Categories
Food Fun Pets

Snacks

My dogs, Mollie and Charlie, recognize certain words: outside, walk, breakfast, dinner, squirrel, no, good. They know what those words mean and react appropriately (or, in the case of squirrel, inappropriately, with loud barking and much drama). And recently, they’ve learned a new word: snack.

It started one morning when we all woke up early, and I was not quite ready to put their breakfast out. I offered them each a doggie treat, calling it a snack. Over time, it happened again, on early mornings and sometimes in the evenings, before dinner. Occasionally, they’d get a snack after a walk or before bed. They eventually learned to associate the word snack with their doggie treats.

They’ve also perfected the art of Begface: loving eyes, a slight head tilt, nose occasionally sniffing the air, mouth slightly open in an eager half-smile. Who can resist? Certainly not me.

And so, snacks are a routine now. I’ve started branching out, looking for new snack options, flavors and shapes and textures. It’s sort of like choosing between crackers and potato chips and popcorn, except for dogs.

I do my best to be a responsible pet owner, and I know that I need to keep their snacking under control. Just like humans, it’s easy for dogs to eat too many snacks (there’s a reason a well-known potato chip company built an entire ad campaign around the fact that nobody can eat just one). Still, it’s fun to reward them, to say the word snack and watch their happy reactions. It’s a sweet little ritual we share, an entertaining (for me) and a delicious (for them) moment in the day.

Here’s to snacks, the tasty tidbits of love that I share with my pups.

Categories
Animals Good Pets

Rescue

According to the National Day Today calendar, today is National Rescue Dog Day.

My husband asked me if there is a difference between rescue dogs and pound puppies. It appears that there are some minor differences.

A rescue dog, according to National Rescue Dog Day information, is a dog that is in a dire situation, such as living on the streets or abandoned in some way, and ends up being rescued via an animal shelter, a foster home, or adoption. They might need serious medical care, although very often, they recover quickly and develop into healthy dogs once they are in a safe situation.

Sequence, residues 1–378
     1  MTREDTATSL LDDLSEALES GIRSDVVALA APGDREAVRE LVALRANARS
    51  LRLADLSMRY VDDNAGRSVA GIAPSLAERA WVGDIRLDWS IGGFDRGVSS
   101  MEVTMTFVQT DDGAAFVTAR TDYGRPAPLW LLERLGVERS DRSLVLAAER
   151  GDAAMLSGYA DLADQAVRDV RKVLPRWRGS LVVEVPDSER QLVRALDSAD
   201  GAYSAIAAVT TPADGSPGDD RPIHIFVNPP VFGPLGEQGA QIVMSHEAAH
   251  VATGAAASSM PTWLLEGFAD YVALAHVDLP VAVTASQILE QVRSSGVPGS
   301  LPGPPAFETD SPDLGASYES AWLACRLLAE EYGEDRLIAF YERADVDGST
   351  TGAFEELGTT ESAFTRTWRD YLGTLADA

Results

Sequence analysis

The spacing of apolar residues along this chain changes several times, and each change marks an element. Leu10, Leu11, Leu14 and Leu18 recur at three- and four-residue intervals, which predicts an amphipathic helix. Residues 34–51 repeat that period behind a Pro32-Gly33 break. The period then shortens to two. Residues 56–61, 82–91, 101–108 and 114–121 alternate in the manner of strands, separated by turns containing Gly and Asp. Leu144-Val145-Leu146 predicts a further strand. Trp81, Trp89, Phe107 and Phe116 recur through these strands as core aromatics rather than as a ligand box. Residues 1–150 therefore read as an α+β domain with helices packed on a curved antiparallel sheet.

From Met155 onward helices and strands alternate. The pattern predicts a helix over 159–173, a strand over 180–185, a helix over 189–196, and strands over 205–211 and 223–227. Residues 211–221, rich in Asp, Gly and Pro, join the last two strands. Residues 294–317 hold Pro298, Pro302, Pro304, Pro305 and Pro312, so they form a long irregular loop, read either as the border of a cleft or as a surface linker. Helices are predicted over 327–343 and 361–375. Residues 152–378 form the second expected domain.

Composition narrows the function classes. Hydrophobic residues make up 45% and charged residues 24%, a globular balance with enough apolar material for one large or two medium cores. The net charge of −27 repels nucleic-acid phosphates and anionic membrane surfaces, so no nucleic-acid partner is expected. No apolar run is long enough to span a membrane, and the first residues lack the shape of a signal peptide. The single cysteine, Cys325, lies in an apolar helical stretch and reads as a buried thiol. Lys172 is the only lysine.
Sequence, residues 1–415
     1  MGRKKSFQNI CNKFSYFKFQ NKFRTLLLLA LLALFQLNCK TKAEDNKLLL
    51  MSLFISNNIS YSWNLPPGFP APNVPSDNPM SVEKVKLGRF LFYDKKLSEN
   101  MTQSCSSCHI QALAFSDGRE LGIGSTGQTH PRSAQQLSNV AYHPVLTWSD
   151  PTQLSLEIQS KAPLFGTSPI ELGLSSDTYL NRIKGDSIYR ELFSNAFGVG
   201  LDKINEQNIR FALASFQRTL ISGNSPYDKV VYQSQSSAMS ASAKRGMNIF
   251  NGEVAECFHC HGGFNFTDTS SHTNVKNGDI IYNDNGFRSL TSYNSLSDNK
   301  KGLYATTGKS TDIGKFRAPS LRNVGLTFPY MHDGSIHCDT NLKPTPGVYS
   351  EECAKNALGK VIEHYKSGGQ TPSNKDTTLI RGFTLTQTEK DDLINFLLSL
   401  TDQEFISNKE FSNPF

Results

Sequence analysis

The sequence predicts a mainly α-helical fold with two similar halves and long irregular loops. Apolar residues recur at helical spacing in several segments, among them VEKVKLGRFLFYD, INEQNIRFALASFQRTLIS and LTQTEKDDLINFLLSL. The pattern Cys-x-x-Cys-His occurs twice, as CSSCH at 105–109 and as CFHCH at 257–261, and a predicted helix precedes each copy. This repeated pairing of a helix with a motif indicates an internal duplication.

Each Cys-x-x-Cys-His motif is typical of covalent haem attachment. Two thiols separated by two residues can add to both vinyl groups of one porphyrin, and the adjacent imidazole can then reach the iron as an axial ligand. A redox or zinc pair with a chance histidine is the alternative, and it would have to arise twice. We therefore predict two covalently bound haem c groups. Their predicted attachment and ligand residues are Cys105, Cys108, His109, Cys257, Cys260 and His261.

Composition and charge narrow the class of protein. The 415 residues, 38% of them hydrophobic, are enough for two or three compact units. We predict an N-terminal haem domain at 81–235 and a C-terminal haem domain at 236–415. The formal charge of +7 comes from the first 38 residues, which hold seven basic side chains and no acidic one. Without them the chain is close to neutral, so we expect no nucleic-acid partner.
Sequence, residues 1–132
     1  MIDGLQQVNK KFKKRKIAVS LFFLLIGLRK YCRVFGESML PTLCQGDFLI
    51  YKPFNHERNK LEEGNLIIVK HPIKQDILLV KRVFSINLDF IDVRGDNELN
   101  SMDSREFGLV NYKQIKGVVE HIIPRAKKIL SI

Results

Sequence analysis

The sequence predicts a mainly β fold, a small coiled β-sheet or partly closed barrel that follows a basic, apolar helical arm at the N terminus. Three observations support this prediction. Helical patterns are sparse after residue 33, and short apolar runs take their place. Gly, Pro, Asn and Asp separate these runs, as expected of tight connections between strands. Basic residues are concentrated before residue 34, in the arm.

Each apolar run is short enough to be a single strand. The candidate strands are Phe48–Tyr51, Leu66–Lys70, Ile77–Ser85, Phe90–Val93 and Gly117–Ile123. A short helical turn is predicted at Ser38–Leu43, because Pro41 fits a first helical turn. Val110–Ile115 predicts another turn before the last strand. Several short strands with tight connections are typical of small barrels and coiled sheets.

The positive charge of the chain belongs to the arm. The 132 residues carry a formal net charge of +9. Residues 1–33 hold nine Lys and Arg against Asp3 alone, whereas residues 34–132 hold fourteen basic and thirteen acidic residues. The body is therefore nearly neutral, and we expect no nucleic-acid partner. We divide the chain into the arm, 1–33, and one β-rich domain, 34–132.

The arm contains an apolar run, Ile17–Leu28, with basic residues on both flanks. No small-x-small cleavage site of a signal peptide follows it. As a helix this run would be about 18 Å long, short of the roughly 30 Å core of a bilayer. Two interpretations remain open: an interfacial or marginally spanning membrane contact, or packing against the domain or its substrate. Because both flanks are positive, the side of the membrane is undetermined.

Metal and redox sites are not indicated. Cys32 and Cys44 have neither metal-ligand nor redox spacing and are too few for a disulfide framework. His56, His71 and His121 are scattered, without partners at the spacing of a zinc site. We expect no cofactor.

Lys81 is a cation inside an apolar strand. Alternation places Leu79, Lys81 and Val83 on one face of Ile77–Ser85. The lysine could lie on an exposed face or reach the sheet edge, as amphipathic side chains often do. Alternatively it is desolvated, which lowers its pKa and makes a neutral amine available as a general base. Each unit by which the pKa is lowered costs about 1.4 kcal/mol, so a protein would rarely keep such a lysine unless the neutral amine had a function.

“Pound puppies” is an unofficial term for dogs that are at the animal shelter, generally healthy but also in need of fostering or adoption. They might not have been in danger, sick, or injured when they arrived, and they typically don’t require extra care once they leave the shelter.

The primary differences, therefore, seem to be in the circumstances that brought them into their current situation and what they might need to live safe and happy lives. A small difference, but a meaningful one. Most importantly, however, they’re all dogs in need of good homes. If you’re considering a furry family member addition, please start your search at your local animal shelter or rescue organization.

There’s another aspect to National Rescue Dog Day that’s relevant. Rescuing can be a two-way street. Dogs have a way of making things better; easing loneliness, making us laugh, feel loved and accepted. Bringing a shelter dog into your life doesn’t only help the animal – although, of course, that’s a vital goal. But, if you yourself are in need of a little rescue, even if it’s only from time to time, it can help you, too.

There are oodles of animal rescue organizations and shelters doing their best to care for dogs, to find them homes and connect them with medical help and other necessary resources. One of the best known is the ASPCA. If you’re in a position to give of your money and/or your time, you can find more information at https://www.aspca.org/. If you’re looking for a more specific option, such as an organization that rescues certain types of dogs or delivers specialized medical care, a quick internet search will likely give you the information you need.

Happy National Rescue Dog Day. Here’s to all the dogs who’ve made life better through their companionship and love. And, here’s to all the people who have been and still are working to rescue each and every one.


Categories
Life Pets

Awake

Pre-pandemic, my alarm would wake me up at 5:00 a.m., insistently reminding me that it was time to get ready for my hour-long commute and the official start of my work day.

Each morning, there I’d be, snoozing comfortably, dreaming away, and then suddenly, a loud, irritating beep-beep-beep would jolt me awake. It would not stop until I took action. So, I’d hit the snooze button, putting off the inevitable, only to repeat the process all over again a few minutes later. Eventually, I’d accept reality and slowly exit the soft, warm bed, shuffle around in the early morning darkness, and get the day started.

Now, I rarely set my alarm clock. There’s no need; I’m not commuting, and the morning is no longer a rush of action I have to complete before hitting the road.